So it is with Annapolis Shakespeare Company’s Hamlet. Beautifully realized, stylistically and brilliantly transposed into the current day, this Hamlet is a tour de force, a masterwork for the company. Director and set and sound designer Sally Boyett, the company’s producing artistic director, has earned a reputation for her economical yet transformative use of the Bowie Playhouse stage. This production furthers that reputation. From the huge gilded frames that hang from a dark sky to the sacrifice of a few house seats in favor of a platform that thrusts the actors almost halfway into the audience, this is an impressively aesthetic production.
    Boyett’s haunting and ethereal sound and Paul Collins’ often eerie lighting accompany our journey through Hamlet’s madness and his thirst for revenge. Maggie Cason’s costumes, mostly muted grays but with a touch of blood-red seemingly everywhere, remind us that madness, revenge and betrayal are not only to be found in Shakespeare’s time.
    Of course, none of this matters if the acting and direction do not achieve the same standards, and here both are surpassing. Every one of our community theater actors and directors would benefit from attending at least one of Annapolis Shakespeare’s productions, especially this one, because the dedication and commitment to character, to dialect, to pacing and to clarity are unsurpassed.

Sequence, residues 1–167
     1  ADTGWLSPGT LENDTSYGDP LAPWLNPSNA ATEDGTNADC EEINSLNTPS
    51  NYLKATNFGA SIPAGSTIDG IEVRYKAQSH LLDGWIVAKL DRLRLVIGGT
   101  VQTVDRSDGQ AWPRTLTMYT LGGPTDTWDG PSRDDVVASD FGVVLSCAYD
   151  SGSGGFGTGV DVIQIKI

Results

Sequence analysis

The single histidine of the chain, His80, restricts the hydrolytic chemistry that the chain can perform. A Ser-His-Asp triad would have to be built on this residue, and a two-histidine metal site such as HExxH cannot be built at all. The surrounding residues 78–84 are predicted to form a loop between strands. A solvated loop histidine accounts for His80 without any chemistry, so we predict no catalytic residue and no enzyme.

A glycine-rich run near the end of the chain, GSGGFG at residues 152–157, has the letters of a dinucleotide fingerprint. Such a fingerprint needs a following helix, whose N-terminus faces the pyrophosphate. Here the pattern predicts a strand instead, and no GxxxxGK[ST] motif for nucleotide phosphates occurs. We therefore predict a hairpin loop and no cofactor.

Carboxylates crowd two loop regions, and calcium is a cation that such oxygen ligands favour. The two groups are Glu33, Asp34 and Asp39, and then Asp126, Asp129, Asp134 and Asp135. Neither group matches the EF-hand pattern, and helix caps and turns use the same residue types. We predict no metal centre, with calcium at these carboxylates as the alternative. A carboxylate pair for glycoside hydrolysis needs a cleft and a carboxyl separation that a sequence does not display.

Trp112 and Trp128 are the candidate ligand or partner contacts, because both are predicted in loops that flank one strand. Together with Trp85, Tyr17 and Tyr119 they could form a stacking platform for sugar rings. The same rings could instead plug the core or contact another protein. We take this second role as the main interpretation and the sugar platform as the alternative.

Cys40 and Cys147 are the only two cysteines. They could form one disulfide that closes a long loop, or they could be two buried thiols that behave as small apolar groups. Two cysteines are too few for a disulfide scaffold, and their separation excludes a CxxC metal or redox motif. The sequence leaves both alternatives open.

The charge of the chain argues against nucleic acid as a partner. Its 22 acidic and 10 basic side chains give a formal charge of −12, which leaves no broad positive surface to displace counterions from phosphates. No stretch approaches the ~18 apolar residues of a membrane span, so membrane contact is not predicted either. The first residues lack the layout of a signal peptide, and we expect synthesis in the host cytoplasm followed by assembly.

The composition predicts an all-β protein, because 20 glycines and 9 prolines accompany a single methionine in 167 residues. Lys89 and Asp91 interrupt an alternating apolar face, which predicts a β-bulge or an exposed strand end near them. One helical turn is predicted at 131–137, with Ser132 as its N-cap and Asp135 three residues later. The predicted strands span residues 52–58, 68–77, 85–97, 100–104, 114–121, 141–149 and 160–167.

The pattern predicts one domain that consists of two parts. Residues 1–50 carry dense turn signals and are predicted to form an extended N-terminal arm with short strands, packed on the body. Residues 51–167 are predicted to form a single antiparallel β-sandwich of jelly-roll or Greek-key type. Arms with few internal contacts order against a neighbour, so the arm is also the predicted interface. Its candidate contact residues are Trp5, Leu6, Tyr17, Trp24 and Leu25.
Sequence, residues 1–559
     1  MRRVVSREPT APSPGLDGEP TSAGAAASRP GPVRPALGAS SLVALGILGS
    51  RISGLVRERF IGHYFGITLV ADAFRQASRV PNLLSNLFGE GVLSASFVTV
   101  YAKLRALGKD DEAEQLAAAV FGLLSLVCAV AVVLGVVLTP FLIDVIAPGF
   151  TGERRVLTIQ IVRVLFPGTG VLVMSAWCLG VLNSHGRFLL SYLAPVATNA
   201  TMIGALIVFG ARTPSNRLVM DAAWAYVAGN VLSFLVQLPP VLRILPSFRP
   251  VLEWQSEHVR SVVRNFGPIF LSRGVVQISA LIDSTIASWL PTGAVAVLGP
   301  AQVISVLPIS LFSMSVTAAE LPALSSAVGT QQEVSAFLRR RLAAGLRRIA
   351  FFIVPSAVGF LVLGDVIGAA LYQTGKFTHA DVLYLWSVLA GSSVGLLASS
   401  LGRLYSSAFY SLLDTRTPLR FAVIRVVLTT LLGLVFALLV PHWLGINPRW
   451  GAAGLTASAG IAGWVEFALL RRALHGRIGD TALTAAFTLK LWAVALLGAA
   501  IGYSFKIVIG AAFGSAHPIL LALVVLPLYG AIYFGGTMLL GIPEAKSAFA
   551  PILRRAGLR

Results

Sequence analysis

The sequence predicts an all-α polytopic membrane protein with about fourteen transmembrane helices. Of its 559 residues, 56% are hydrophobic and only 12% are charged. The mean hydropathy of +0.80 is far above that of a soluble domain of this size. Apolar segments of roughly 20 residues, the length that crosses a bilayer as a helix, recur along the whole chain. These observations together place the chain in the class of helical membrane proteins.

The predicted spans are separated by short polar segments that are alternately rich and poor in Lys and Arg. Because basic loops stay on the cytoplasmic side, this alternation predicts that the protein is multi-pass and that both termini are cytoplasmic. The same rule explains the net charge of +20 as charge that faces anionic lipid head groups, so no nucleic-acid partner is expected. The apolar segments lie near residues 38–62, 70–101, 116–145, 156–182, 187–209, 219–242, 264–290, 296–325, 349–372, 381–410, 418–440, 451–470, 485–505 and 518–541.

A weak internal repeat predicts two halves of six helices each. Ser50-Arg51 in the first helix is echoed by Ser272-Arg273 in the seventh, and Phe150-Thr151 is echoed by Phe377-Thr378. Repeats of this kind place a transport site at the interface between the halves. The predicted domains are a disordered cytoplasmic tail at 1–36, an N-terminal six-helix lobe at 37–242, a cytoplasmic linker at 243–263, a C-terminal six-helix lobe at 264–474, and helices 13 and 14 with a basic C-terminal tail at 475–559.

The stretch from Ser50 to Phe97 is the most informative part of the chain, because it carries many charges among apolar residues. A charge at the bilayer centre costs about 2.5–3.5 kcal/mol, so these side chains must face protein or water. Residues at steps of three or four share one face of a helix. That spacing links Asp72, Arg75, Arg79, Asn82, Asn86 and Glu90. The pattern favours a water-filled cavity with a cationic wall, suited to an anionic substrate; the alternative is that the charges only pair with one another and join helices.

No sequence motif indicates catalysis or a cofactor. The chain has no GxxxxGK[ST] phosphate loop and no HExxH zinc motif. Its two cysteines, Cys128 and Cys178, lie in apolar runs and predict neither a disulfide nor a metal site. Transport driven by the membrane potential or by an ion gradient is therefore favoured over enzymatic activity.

Manu Kumasi’s Hamlet is stellar, the fire and humor coming not just from the staccato delivery of his lines but blasting from his every pore. His physicality seems to envelop the theater, especially when he ascends to the end of that aforementioned platform and with sheer passion imposes his world onto ours, his fiery eyes just feet away from ours, boring directly into us and gripping us with his madness.
    Likewise, Audrey Bertaux brings us an Ophelia whose own tragic fall into madness could have been over the top in less capable hands. Instead, we are drawn into the character’s decline and feel pity for the way Hamlet projects his anger toward his mother onto her.
    Nafeesa Monroe as Gertrude and Paul Edward Hope as Claudius lead the rest of the company, several of whom very effectively play multiple roles. From Rosencrantz and Guildenstern to Horatio to Polonius and all the rest you read about in school, this is Shakespeare at his best, flying off the pages and brought to life in a production whose superlative whole is far greater than the sum of its very excellent parts.